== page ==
Albuquerque welterweight boxer Jose Luis Sanchez on Saturday didn’t quite get the big-stage, career-changing victory that his brother achieved in 2018.
Even so, Sanchez’s gritty, eye-opening performance in fighting to a majority draw against respected veteran Adrian Granados raises questions.
Should not an exceptional performance be rewarded, even if not resulting in victory? Should Sanchez not join his younger brother, Jason, as a contract fighter for a major promoter? If not, shouldn’t he at least get another opportunity on the big stage?
The answer, of course, is we shall see.
Sanchez (11-1-1, four KOs), a decided underdog, hung with Granados for eight frenetic rounds before both fighters’ hands were raised at fight’s end. The bout was the main event of Premier Boxing Champions’ early Saturday card in advance of that night’s pay-per-view card headlined by heavyweights Andy Ruiz and Chris Arreola.
The Sanchez-Granados fight, while earning praise for its non-stop action, didn’t get a lot of attention on what was perhaps the busiest pro boxing weekend since the coronavirus pandemic brought a halt to the sport more than a year ago.
But did anyone notice — anyone, meaning PBC boss Al Haymon or someone close to him — how well and how courageously Sanchez fought against a far more experienced and better-known opponent?
In October 2018, Jason Sanchez defeated previously unbeaten Jean Carlos Rivera, a Top Rank, Inc., contract fighter and then a prized prospect, by unanimous decision. That victory led to a Top Rank contract for the younger Sanchez brother, and the following year to a world title shot.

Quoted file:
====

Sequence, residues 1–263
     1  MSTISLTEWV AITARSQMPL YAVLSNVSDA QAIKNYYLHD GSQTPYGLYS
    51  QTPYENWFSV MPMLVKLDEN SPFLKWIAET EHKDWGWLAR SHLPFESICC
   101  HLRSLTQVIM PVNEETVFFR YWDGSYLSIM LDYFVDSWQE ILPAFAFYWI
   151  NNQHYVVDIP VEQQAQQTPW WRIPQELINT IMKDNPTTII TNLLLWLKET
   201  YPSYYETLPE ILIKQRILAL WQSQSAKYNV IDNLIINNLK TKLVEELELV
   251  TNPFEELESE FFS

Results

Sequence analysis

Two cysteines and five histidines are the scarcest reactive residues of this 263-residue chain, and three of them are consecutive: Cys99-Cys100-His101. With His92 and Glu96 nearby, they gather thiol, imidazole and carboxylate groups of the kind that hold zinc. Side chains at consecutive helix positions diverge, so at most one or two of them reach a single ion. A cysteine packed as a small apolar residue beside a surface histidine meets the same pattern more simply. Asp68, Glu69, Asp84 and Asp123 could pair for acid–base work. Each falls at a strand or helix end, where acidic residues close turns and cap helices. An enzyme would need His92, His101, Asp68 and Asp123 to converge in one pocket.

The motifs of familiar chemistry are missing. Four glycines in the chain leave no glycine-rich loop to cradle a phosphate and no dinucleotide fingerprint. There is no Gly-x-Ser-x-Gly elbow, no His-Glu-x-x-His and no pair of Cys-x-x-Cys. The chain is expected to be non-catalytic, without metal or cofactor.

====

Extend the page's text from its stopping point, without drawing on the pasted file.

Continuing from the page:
Granados (21-8-3, 15 KOs) is no longer a hot prospect at age 31. But he’s a skilled, rugged, hard-punching fighter who has gone the distance with some of the world’s best in the middle weight classes and acquitted himself well.
Now, perhaps Sanchez, though not getting a victory on Saturday, nonetheless will get more and better opportunities as a result of his performance. Perhaps that might even start with a better-paying — Sanchez’s pay on Saturday was $15,000, according to the California Athletic Commission — higher-profile rematch against Granados, who was furious with the decision.
Granados’ opinion aside, neither fighter was able to establish dominance though the bout’s eight furious rounds.
Whenever Granados appeared close to assuming control, Sanchez would battle back. The result was a barn-burner of a fight and an outcome that, despite Granados’ protests, has not risen to the level of controversy.
One judge scored the bout for Granados, 77-75. The other two cards read 76-76.
Sanchez’s only previous loss came some eight years ago in his third professional fight, when he lost by seventh-round TKO to his far more experienced fellow Albuquerquean Josh Torres.
Saturday’s bout in Carson, California was Sanchez’s second outside of New Mexico and his first — streamed by Fox — in front of a national audience.
If justice prevails, it will not be his last.